Items in the home were also teaching aids. At the front door, there might be a holy-water strop so those entering could dip their fingers in it and cross themselves. Nobles often had private chapels in their homes or castles for daily services. In the middle-class homes of Florence, families decorated altars with images of the saints and of the infant Jesus.

Giovanni Dominici, a 1400s Dominican writer, advised mothers to incline their sons toward a religious life by having them mimic the priest’s behavior: “Sometimes they may be occupied in making garlands of flowers and greens with which to crown Jesus or to decorate the picture of the Blessed Virgin; they may light and extinguish little candles.”

The liturgical calendar was another means of Christian nurture. For example, Christians fasted during Lent and on Fridays in commemoration of Jesus’ temptation and crucifixion.

Confirmation, the rite by which children confirm the vows made for them at baptism, was rarely performed in the Middle Ages. A bishop had to perform confirmation, and many Christians, especially those in remote communities, went a lifetime without seeing their bishop.

Families of Their Own

Medieval marriage was not about romantic love but family lineage, and it was the parents’ responsibility to arrange for a good marriage for their children. Marriage involved the transfer of property, and among nobles, the creation of political alliances. The negotiations could take years to settle. Sometimes, in spite of parents’ best wishes, children refused to abide by the parents’ decisions.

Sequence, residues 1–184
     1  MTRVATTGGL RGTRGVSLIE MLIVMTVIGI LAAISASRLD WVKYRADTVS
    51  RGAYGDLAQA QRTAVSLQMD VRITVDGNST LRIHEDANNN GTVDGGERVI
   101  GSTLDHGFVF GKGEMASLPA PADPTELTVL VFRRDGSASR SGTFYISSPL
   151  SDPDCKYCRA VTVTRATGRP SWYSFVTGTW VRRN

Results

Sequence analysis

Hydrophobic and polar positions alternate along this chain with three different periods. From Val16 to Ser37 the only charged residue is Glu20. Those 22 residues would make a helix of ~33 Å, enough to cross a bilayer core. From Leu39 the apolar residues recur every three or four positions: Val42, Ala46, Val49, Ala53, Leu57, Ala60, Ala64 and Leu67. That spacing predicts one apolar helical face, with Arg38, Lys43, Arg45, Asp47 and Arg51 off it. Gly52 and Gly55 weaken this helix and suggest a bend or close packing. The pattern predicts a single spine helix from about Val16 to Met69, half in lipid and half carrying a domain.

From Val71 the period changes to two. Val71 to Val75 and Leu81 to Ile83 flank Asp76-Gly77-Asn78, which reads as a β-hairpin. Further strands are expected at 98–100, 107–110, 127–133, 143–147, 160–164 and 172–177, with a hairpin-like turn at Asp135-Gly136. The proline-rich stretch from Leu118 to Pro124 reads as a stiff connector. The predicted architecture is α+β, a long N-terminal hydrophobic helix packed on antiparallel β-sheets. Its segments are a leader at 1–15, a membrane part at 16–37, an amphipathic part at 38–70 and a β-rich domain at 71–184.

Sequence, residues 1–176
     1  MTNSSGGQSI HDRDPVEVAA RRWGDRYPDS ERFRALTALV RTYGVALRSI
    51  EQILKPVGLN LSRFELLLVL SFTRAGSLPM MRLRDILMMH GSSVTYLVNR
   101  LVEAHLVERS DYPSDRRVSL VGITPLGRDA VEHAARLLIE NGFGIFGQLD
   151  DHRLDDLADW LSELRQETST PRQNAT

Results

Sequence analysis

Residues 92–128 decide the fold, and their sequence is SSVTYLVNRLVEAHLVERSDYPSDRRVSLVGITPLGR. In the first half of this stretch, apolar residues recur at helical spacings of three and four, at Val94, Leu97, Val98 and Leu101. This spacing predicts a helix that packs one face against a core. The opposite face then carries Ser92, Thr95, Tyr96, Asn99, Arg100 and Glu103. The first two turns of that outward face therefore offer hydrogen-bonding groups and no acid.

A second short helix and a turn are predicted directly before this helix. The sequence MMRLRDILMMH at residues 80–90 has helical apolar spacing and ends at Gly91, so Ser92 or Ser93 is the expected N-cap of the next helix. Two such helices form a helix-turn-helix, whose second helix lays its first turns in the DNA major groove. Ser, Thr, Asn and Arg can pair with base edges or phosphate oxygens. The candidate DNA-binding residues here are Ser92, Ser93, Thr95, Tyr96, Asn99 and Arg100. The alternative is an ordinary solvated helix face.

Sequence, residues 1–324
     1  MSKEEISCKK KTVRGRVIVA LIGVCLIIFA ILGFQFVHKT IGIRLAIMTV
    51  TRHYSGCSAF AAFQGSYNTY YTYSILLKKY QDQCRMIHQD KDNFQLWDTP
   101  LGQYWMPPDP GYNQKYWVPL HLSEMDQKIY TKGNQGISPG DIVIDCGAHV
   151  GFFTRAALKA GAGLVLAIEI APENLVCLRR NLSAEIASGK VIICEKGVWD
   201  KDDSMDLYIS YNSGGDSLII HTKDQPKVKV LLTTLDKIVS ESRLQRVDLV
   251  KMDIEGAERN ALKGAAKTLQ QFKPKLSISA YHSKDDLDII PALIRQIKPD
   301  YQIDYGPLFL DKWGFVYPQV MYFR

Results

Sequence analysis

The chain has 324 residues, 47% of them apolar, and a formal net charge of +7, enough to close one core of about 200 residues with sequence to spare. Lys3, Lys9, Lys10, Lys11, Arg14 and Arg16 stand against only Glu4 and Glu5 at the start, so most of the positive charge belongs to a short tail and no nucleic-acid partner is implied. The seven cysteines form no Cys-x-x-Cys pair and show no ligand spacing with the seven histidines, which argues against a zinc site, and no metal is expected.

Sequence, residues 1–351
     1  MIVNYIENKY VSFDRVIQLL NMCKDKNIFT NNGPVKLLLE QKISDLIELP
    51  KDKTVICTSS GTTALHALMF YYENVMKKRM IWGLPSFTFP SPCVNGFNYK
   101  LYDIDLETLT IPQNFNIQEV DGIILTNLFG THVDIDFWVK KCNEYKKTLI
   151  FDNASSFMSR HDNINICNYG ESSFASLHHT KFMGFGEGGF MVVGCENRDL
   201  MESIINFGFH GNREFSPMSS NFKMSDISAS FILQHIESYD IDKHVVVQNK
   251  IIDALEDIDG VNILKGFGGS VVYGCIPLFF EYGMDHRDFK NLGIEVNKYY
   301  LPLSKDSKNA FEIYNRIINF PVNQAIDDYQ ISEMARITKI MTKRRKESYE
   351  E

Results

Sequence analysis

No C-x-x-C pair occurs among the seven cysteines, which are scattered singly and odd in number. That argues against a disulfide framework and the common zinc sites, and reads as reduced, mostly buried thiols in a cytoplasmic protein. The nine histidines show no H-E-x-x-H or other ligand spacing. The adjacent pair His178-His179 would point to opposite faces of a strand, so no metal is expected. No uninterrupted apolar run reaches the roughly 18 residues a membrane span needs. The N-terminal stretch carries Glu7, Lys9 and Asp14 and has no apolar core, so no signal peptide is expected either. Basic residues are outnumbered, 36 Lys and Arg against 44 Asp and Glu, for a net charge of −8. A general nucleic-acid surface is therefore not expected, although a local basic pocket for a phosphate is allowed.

The church, for its part, tried to assure that marriages were legitimate: the partners consented to the marriage, they were not related to each other, and neither was involved in a previous secret marriage. According to canon law, though, it was not a priest or witnesses who made marriage legitimate but the private agreement of a man and a woman. This made clandestine marriages a danger.

Parents feared that fortune hunters would lure young women (especially wealthy ones) into secret marriages, and court records show that such marriages were common. Four-fifths of all the marriage cases in fourteenth-century Ely, an English diocese, dealt with this issue—usually the woman claiming a marriage had taken place while the man denied it.

The church tried to prevent this by having the marriage publicly announced at a parish service one month in advance. The church was also concerned that both partners remain faithful to one another, so divorce was generally not allowed.

Some parents, as perhaps their last act of Christian nurture, gave an image of Jesus to their betrothed daughter. While on pilgrimage in Italy, Margery Kempe, the fourteenth-century English mystic, reported how some women used them: “The woman who had the image [of the infant Jesus] in the chest, when they came into fine cities, took the image out of her chest and set it in the laps of respectable wives. And they would dress it up in shirts and kiss it as though it had been God himself.”

For all this effort, there were still gaps in the system, and medieval religious reformers regularly denounced people’s superstition and ignorance of doctrine. Still, between family and church, most children became good public Christians, who, in turn, began raising their own families in the same traditions.

Katherine French is a professor of history at S.U.N.Y. in New Paltz, New York. She is co-editor of the forthcoming "The Parish in English Life: 1400–1600" (University of Manchester).